AN elderly woman visits the doctor’s surgery with a large bruise on her face. She tells the doctor that she fell, too afraid to admit that it was her daughter who inflicted the injury. An elderly man wonders why his pension money seems to be running out quicker than normal, unaware that his ‘carer’ is helping herself to the cash out of his wallet. In another instance an elderly person is harangued and coerced into signing over their home or savings to a ‘caring’ relative.
All these people are victims of elder abuse and we all have a role to play in ensuring that it stops.
Last week Age Action hosted a conference in Athy to raise awareness of the issue of elder abuse and to confront the reality that these victims, who are among our most vulnerable people, face.
The conference heard that only one in five cases of elder abuse are reported by family or friends of the victims. The other 80% of the reported cases were reported by HSE staff through their elder abuse service.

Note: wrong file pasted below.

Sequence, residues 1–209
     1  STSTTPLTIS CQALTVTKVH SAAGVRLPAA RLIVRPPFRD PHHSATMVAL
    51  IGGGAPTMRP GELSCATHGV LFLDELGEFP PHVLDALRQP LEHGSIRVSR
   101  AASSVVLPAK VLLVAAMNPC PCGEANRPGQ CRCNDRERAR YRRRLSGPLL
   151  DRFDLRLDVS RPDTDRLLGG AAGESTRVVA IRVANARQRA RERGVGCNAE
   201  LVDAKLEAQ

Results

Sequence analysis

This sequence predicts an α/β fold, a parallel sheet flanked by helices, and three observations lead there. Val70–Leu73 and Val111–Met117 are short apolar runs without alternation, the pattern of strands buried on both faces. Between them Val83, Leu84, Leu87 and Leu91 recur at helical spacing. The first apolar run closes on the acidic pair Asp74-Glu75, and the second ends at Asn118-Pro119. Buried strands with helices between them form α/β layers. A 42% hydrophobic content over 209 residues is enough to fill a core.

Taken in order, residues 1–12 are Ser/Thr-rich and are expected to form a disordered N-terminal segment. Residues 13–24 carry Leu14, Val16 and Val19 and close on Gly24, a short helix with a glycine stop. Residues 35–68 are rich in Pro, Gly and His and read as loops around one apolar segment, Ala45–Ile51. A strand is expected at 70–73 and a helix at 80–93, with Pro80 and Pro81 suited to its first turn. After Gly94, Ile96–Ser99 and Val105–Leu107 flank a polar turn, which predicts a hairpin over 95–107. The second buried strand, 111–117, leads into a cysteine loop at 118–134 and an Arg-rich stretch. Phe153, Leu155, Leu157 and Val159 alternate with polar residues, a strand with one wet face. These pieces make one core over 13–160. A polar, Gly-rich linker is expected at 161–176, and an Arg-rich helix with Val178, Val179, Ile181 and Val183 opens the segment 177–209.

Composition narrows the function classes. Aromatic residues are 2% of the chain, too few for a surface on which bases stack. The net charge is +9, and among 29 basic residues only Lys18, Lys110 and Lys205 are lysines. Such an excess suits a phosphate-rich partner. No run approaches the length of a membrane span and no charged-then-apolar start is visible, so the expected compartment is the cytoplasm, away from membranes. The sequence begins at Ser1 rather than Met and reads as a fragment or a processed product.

A survey carried out by the National Centre for the Protection of Older People found that 18,700 people over the age of 65 had experienced some form of abuse, with abuse occurring in 10,000 cases within the past year.
Eamonn Timmins of Age Action Ireland told the Kildare Nationalist that the general community needs to be more aware of the prevalence of elder abuse. “This is something that people in the general community know nothing about. We are trying to raise awareness of what elder abuse is and how to recognise the signs. We are also saying to older people that are being abused that they don’t have to put up with it.”
Mr Timmins said that elder abuse can take many forms. “There can be physical abuse with people being kicked and punched and there can also be financial abuse with someone being forced to sign over their home or their savings. A number of cases involve psychological abuse and in a small number of cases there is sexual abuse. The abuse is usually perpetrated by an immediate family member. Elder abuse usually occurs when there is a relationship of trust. The wider community needs to be aware of the signs and to recognise that doing nothing is not an option.”
SOURCE: The Kildare Nationalist, IE
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